Telia said the decision by Sweden’s telecoms regulator to end the auction of 700 MHz spectrum licences for mobile broadband services due to government security concerns is a “step back for the digitalisation” of Sweden, as it delays the expansion of mobile infrastructure, particularly in rural areas.
The government decided that the 694-790 MHz frequency band should be available for terrestrial television broadcasting “up to and including May 31, 2018”, noting that this revokes its decision from 2014 to release the frequency space for other use from and including Apr. 1, 2017.
Catarina Wretman, acting director general of the Swedish Post and Telecom Authority (PTS), said the government decision “has altered the preconditions for the assignment in the 700 MHz band in such a way that we cannot implement the auction as planned. We intend to resume work on how the band should be assigned when these preconditions have become clear.”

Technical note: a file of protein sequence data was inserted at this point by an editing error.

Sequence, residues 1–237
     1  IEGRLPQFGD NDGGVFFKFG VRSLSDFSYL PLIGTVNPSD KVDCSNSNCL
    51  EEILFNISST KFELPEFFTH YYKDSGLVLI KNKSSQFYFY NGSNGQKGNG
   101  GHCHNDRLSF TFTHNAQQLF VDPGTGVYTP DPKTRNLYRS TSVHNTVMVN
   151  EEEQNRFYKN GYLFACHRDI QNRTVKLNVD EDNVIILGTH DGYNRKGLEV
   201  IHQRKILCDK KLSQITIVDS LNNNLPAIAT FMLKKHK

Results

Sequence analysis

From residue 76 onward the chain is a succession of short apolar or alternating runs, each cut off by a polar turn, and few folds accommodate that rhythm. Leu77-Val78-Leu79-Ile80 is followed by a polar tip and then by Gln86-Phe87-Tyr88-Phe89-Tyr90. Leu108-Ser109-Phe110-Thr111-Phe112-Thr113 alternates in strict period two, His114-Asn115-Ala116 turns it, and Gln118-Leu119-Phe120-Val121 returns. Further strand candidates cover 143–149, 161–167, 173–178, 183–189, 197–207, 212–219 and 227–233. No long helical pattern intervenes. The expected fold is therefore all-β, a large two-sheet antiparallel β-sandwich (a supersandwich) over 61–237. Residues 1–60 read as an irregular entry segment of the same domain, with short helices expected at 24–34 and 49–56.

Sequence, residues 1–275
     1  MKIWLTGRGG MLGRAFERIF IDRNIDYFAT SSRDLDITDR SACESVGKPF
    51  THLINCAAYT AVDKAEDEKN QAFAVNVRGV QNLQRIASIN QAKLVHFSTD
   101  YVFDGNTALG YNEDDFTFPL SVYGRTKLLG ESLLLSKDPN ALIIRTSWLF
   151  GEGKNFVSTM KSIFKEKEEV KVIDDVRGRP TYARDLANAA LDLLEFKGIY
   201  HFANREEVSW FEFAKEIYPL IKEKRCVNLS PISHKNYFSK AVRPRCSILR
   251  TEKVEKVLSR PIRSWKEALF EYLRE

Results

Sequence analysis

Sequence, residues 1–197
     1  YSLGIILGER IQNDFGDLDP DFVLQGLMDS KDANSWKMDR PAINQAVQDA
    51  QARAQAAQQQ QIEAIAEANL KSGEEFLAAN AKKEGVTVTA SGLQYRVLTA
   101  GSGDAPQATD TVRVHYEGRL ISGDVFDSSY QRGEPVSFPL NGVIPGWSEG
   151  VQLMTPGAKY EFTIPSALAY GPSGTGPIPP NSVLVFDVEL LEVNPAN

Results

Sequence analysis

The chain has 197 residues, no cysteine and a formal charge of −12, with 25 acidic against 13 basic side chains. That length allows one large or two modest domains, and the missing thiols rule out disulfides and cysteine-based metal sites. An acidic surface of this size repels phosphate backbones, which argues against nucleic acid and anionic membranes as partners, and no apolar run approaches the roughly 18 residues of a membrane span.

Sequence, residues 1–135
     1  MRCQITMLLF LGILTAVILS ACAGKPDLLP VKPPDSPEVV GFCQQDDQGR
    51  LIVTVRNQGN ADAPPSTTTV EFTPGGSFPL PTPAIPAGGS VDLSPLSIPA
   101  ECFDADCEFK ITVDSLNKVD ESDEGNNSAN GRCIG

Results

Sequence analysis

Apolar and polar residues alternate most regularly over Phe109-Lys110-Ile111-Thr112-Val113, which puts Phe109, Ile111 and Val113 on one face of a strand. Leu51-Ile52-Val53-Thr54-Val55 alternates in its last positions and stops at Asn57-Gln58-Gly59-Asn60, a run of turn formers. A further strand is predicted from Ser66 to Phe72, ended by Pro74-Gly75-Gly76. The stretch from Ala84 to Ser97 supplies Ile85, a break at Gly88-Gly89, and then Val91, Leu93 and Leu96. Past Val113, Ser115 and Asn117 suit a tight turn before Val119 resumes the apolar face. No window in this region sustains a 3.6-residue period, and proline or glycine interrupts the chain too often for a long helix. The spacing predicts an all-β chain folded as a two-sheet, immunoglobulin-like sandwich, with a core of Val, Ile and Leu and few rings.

PTS has therefore cancelled the auction that had been scheduled for Dec. 1.
Wretman added that the government decision was based on a changed security policy situation: “There is an ongoing investigation into an advanced and secure broadband solution for stakeholders within public order, health, security and defence,” she said.
Hélène Barnekow, EVP and head of region Sweden at Telia, said it was crucial for Sweden to use the 700 MHz band for mobile services, to enable the country “to take the next step in the digitalisation. Therefore, we regret the government's decision.”
Barnekow agreed that it was important that public functions have access to future proof communication
“However, further investigation should not be the reason for stopping the auction of the 700 MHz band. The mobile operators have shown that they can deliver a secure, cost effective and fast-implemented solution for public safety through the commercial mobile networks. It is now important that the authorities, together with the market participants, sit down and discuss what solutions there are for the public safety functions,” she added.
Frequencies in the 700 MHz band are regarded as important for the further expansion of LTE and future 5G networks in Europe. In May this year, the European Council said the 700 MHz band should be made available for mobile broadband services across the European Union by 2020 as part of a harmonised approach to freeing up this spectrum band.
Germany and France were the first two countries in the region to carry out 700 MHz spectrum auctions, while Denmark, Sweden, Finland and the UK are among those that have outlined plans to repurpose the 700 MHz band in the next few years.